July 24, 2014 – July 30, 2014
Feel the Heat
This week, the Carlton Complex fire in north-central Washington surpassed the 1902 Yacolt Burn in acreage consumed, providing a stark reminder that warm, dry summer weather can create optimal conditions for devastating fires. Such was the case 100 years ago this week, on July 30, 1914, when a small blaze beneath Seattle's Grand Trunk Pacific dock reacted with the sweltering, under-ventilated air within the vast warehouse above. Within seconds the entire structure burst into a burning maelstrom that eventually killed five people and injured 29. Outside of the Great Fire of 1889, it was the largest blaze in the history of Seattle's central waterfront, rivaled only by the destruction of the Union Pacific Dock 15 years later.
This week also marks the 90th anniversary of a devastating fire in Twisp, not far from where the Carlton Complex fire is burning now. Shortly after midnight on July 24, 1924, fire broke out at the home and office of the town's doctor, who was able to escape the blaze with his family. Spread by a light breeze, the flames consumed two other houses and quickly reached downtown, where most of the buildings were made of wood. In less than an hour and a half, almost the entire business district was in ruins.
July 24 is also the 20th anniversary of the start of the Tyee Creek Fire in the Wenatchee National Forest. On that day in 1994, lightning storms began a number of fires that combined and burned for 33 days. Before it was contained the blaze consumed 135,000 acres of forest land. Other major forest fires in Washington's past also started in July, but some of the biggest ones have struck in the drier months of August and September. So please be careful with open flames when you're out enjoying the scenery.
Feel the Beat
On July 28, 1896, music was in the air. High in the air, as a matter of fact, when Tacoma's Olof Bull hauled his violin to the summit of Mount Rainier and played several solo songs, including "Nearer, My God, To Thee." Bull had attempted his one-man summit concert three years earlier, but was thwarted by a series of misfortunes.
A more down-to-earth sound was heard on July 28, 1962, when Seattle's Century 21 Exposition launched a teenage dance series for those itching to do the Twist. This week also marks the 45th anniversary of the Seattle Pop Festival, at which Led Zeppelin, the Doors, and Santana performed in Woodinville on July 25, 1969. No doubt some audience members had enjoyed the Sky River Rock Festival high in the Cascade foothills near Sultan a year earlier.
And lest we forget, this week marks the 75th anniversary of Seattle's Showbox Ballroom, which opened as the Show Box on July 24, 1939. Over the years, this venerable venue from the Jazz Age has moved with the groove and hosted a wide variety of rock, punk, hip-hop, grunge, pop, and other shows. Very few dance halls in the state have had such a long and illustrious career.
News Then, History Now
Rural Altercations: On July 26, 1882, freight agent Eli Cummins was robbed and murdered in Columbia County, a crime for which three men were convicted. And on July 28, 1921, Alfred J. Anderson shot and killed Whatcom County Sheriff's Deputy James F. Chatfield, who was searching for smugglers in the woods along the Canadian border near Blaine, after the deputy, without identifying himself, fired warning shots toward the local resident. Anderson, who claimed self-defense, was charged with murder but the case was dismissed.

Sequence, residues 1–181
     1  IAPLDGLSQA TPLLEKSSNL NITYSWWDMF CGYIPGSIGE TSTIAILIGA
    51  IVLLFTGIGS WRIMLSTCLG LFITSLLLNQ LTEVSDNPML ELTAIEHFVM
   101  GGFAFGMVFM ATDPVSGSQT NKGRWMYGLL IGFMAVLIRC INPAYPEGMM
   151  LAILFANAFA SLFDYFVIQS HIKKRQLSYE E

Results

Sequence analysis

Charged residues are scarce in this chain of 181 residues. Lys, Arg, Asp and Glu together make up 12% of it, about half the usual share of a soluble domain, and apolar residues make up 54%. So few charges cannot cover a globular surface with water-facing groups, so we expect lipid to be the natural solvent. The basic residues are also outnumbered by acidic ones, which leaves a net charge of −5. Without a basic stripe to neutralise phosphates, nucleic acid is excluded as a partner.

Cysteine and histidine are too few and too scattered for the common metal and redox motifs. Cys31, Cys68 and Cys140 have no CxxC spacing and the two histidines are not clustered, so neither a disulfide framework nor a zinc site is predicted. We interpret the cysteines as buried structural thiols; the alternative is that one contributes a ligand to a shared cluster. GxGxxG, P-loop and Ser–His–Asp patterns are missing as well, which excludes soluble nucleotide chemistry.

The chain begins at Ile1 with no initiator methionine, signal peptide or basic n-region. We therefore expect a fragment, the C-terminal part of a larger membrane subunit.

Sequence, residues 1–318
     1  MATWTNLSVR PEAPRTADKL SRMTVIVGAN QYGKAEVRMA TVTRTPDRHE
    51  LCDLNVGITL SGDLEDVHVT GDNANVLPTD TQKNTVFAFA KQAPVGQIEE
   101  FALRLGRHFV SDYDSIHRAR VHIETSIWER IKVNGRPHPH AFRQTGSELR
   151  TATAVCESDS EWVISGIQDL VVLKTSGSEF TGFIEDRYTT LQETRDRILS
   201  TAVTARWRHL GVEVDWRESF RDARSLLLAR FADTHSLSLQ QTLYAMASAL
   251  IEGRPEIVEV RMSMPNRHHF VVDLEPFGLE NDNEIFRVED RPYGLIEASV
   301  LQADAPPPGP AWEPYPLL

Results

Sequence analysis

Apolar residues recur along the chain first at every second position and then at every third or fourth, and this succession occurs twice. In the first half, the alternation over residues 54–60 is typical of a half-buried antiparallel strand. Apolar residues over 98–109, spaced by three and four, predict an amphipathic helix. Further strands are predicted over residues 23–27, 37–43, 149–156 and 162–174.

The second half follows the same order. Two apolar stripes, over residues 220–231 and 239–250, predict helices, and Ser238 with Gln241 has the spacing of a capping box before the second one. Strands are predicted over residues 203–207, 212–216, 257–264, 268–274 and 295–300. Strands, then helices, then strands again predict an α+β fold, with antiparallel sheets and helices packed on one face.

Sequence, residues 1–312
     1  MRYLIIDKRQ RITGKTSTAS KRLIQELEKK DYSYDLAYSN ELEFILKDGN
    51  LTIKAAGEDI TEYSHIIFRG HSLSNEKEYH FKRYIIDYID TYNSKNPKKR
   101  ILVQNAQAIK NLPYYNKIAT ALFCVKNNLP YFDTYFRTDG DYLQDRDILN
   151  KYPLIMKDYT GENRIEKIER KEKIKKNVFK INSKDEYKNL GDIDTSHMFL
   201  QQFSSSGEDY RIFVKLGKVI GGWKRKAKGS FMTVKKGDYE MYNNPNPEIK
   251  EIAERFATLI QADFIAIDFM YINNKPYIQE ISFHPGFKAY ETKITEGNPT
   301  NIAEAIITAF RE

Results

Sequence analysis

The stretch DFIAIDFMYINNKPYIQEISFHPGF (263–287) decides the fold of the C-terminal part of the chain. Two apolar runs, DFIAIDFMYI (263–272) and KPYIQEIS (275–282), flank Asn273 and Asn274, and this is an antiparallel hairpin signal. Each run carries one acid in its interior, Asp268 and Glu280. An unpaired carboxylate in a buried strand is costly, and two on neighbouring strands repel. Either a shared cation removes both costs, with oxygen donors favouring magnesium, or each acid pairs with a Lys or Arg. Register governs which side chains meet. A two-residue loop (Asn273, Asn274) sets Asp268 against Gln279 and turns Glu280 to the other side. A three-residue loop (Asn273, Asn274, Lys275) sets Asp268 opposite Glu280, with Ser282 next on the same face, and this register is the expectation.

Urban Congregations: On July 25, 1889, Ohaveth Sholum was established as Seattle's first Jewish congregation. And on July 24, 1966, in Spokane, the Torah scrolls from the Keneseth Israel Synagogue were transferred to Temple Emanu-El as part of a formal and symbolic merger into Temple Beth Shalom, now the center of the city's Jewish community.
Black and White: On July 26, 1924, some 13,000 members and supporters of the Ku Klux Klan staged a rally near Issaquah, nearly 40 years after the town's previous bout with racial unrest. Twenty years later, Seattle struggled with potential racial violence, and the Civic Unity Committee was praised on July 24, 1944, for its efforts to quell such problems. Two decades after that, the first sit-in arrests of Seattle's modern civil rights movement indicated that racism was hardly a thing of the past.
Taking Flight: On July 26, 1928, Boeing Field opened in Seattle's Georgetown neighborhood. Many Boeing aircraft took their maiden flights from the field, including the Flying Fortress B-17, which took wing on July 28, 1935.
Fried in a Pan: On July 24, 1931, approximately 10,000 breakfast-lovers showed up in Chehalis to enjoy platefuls of the world's largest omelet, made with 7,200 eggs. The gargantuan goody was cooked up in a specially made eight-foot-wide frying pan, greased beforehand by a young woman wearing slabs of bacon on her feet. The event provided some light-hearted publicity for local chicken farmers during the dark days of the Great Depression.
Kennewick Man: On July 24, 1966, the first Unlimited Hydroplane Race was held on the Columbia River at Tri-Cities. Thirty years later, on July 28, 1996, two racing fans were wading in the water when one of them stepped on what seemed to be a round rock. It turned out to be a 9,200-year-old human skull -- the remains of an individual who came to be known as Kennewick Man.
Quote of the Week
Time is the fire in which we burn.
Image of the Week
On July 27, 1923, President Warren G. Harding gave his last public speech in Seattle. He fell ill en route to San Francisco and died six days later.